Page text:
I am glad you are trying to change your life for the better. It is a long and hard road, but in the end your life and quality of life is worth it. You will find a lot of understanding people here who have been where you are, so don't hesitate to ask for some help and encouragement.
    Jen S. likes this.
  8. notodrugs

    notodrugs Community Listener Community Listener

    Hi. It is inspiring to hear of your progress. Carry on with it because that was what my brother in law went through. He was addicted to methamphetamine over 10 years back now. He used to take it because he was out of job and only my sister in law was earning for the family. He didn't have a sense of purpose and self-worth. At times, he was sleeping like a log that he wasn't even aware his 4-year old child had gone out of their house. But often, he was hyperactive doing so many things at once. When a former employer called on him to once again work on board ships which he truly liked, he focused on changing himself. Otherwise, he wouldn't pass the medical tests. Now, he's in a clean bill of health. So having a sense of direction in what he really loves to do did it for him. So I believe setting one's mind on realistic goals that bring about self-worth and true pleasure is one way to deviate from one's addiction one step at a time. All the best to you and to your fiance!
  9. MrMegistus

    MrMegistus Member

    Like everyone else has stated, it's very good that you have made the progress that you have. There is something about pulling through things that bind us down. I've had to go through substance abuse, but it didn't involve alcohol. I know how it is when life seems to come down heavy on a person and they feel the need to escape. That's what any substance abuse stems from, it seems: escapism. I can't speak for everyone when I say this, but majority of the time, a person who is abusing anything is trying to extract way too much pleasure from one thing, because they find an absence in other areas of their life.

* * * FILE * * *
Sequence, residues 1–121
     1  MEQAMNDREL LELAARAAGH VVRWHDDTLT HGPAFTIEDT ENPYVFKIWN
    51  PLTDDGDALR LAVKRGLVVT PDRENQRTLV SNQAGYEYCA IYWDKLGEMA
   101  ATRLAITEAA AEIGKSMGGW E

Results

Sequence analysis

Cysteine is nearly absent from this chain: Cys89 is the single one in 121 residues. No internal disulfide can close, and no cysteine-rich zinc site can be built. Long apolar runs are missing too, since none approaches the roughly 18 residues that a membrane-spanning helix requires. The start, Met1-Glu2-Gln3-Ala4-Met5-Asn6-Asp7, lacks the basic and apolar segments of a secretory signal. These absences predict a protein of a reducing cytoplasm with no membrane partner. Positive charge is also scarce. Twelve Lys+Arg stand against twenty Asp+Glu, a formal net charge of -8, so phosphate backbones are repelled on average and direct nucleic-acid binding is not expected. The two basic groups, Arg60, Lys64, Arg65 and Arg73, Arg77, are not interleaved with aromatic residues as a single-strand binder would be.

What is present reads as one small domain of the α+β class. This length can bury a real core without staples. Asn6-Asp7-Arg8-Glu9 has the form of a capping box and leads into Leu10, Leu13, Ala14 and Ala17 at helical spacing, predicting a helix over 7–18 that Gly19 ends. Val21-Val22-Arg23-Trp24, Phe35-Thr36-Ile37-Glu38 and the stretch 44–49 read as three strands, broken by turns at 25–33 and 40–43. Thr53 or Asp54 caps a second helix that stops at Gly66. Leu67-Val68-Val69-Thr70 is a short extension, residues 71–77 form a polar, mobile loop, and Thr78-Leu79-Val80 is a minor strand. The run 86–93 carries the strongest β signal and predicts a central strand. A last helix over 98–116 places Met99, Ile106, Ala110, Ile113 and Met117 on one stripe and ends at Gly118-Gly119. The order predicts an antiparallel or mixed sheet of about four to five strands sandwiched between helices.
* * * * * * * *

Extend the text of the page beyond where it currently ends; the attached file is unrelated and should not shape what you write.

Anyway, I am happy for you and wish you greater success.
  10. maryannballeras

    maryannballeras Senior Contributor

    It's good to know that you're making some efforts in eliminating your addiction. I can't suggest anything specific for your husband, though, since I haven't experienced anything like this yet. I hope everything goes well.
  11. Jen S.

    Jen S. Guest

    Yep. I think a lot of us addicts get into trouble when we assume "alcohol was never my problem, so it's okay if I drink" because it impairs our judgment (making us much more likely to just get on with it and do our drug of choice), but there's a strong link between using/being around alcohol and cocaine relapse specifically.
    Joseph likes this.
  12. mimsee

    mimsee Active Contributor

    I can see how that could definitely be a problem...but my mother always told me that you can't fight an addiction by forming another, because then you'll just be in this endless loop of addiction and your mind will never belong to you again. She was a smart one ^.^
  13. Askani

    Askani Active Contributor

    Most people don't realize how easy it is to trade one addiction for another also. I rarely drink and when i do it is in complete moderation. I have a few beers or two mixed drinks and then drink water for the rest of the night. I think really most addicts have to look at things as they are and know that anything can be addictive. When something gets to the point where it is taking over your life and damaging the good relationships in your life, it is bad for you. I have also seen many people fall off the wagon by drinking and then going back to using because their judgement is impaired. Once you stop, you stop completely and have to be on guard for anything that may impair your judgement.
    camsdad and Jen S. like this.